Chora of Serifos, which is a real gem of Cyclades, is definitely one of the five most beautiful Chores of the islands of the Aegean Sea. Apart from all other things, there are two “charms” that make the place stand out and be immensely attractive: the stunning little square and the magnificent view from the chapel of Ag. Constantinos. Its beauty can only be compared to the Chora of Patmos, since they are similar in many ways.
There are some parts in the Aegean Sea that no matter how many times you visit them you still do not get enough of their charm.
The taxi left us 10 minutes later in the square of Milloi, which is perched on the cliff, only five kilometers off the port. This is where the old stone path starts leading to Livadi, the course of which is often interrupted by the asphalted road. On the left there are the mills in a row, only two of which are renovated, and this makes it one of the most beautiful sights of Chora.
On the right side of the square of Milo Chora actually starts. Its whitewashed houses perched on the ridge of the rough rock reach the top, where the church of Ag. Constantinos rises.
So once again we took the main cobbled path that is in front of the traditional coffee shop the “Miloi” and after climbing several steps we reached the small square. The locals call it “Piazza” and when you set eyes on it, especially on first sight, you can’t help but express spontaneous exclamations of admiration.
It is like a theatre setting and each of us wants to feel he has even a minor part in it. A small neighborhood that remains untouched and unchanged for hundreds of years. Simply having a place in some corner of this completely genuine setting is a unique experience. An experience that never fades and invites you to live it again and again...
Nothing can be simpler and at the same time so magnificent.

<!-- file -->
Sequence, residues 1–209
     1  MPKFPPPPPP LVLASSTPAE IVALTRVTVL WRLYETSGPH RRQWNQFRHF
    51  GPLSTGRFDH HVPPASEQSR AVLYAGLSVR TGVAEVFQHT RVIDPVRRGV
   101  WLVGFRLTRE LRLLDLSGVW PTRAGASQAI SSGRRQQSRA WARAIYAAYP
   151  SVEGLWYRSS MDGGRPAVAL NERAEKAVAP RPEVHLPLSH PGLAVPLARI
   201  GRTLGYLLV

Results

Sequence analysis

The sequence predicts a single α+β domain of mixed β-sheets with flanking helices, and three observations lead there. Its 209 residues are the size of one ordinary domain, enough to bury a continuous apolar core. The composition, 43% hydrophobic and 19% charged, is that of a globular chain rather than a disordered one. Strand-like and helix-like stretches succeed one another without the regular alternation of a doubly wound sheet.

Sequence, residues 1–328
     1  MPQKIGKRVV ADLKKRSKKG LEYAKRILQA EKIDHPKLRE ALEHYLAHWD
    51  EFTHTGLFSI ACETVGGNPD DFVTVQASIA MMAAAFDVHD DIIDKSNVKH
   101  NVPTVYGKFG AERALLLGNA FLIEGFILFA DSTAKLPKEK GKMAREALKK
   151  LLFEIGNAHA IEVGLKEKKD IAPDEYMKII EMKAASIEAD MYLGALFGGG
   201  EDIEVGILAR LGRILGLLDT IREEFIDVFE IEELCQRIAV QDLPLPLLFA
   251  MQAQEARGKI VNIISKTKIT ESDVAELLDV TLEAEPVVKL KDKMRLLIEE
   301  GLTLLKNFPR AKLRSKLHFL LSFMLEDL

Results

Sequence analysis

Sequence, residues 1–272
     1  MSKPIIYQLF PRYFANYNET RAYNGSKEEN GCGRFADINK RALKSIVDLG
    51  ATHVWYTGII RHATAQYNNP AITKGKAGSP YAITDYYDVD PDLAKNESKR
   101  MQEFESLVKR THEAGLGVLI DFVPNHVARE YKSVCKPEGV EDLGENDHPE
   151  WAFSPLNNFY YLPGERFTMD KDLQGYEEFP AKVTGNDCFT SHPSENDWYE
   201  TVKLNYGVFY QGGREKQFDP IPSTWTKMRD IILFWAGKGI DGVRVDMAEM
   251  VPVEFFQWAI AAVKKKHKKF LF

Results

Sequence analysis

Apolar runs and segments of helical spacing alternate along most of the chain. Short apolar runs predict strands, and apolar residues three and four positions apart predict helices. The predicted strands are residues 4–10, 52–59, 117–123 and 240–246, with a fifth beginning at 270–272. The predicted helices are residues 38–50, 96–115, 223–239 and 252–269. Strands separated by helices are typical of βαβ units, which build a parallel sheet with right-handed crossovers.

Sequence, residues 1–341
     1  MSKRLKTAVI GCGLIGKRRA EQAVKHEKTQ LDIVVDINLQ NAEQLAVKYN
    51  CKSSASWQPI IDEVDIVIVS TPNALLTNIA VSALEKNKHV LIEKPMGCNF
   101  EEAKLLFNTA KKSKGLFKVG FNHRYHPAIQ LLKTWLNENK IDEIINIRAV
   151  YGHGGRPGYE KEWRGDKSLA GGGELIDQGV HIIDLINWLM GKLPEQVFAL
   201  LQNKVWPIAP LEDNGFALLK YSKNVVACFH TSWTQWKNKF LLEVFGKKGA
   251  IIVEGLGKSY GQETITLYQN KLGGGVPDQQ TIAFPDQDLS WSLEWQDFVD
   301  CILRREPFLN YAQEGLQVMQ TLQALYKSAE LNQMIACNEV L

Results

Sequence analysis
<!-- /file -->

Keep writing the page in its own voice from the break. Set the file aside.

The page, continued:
Every moment and every hour of the day here, is magical.
A little further away is where the small, steep steps start and we finally reach the highest point of the rock and Chora. Here is the church of Agios Konstantinos, with its small yard which is one of the most magnificent balconies of Cyclades.
One has the chance to gaze endlessly at the horizon from here. The view is breathtaking, as we feel that we are hovering in the void. Below us there is the valley of Livadi that leads to the port, and no matter where we turn our eyes we can clearly discern the neighboring Cycladic islands. In the south, Kimolos, Milos, and at a close distance Sifnos, on the east Antiparos and Paros and further up Syros.
Enchanted and speechless, we sat in the bench and enjoyed the absolute peace and the wonderful view until the sun sank to set. The night found us in the Piazza, along with our refreshing drinks, trying to decipher the magic we experienced.
Circumnavigation of the island
The intense partition of Serifos’ coasts is the reason why many bays were formed, in which there are some of the most beautiful beaches in Cyclades. So, one morning we set off from Livadi heading west, in order to explore all the shores of the island.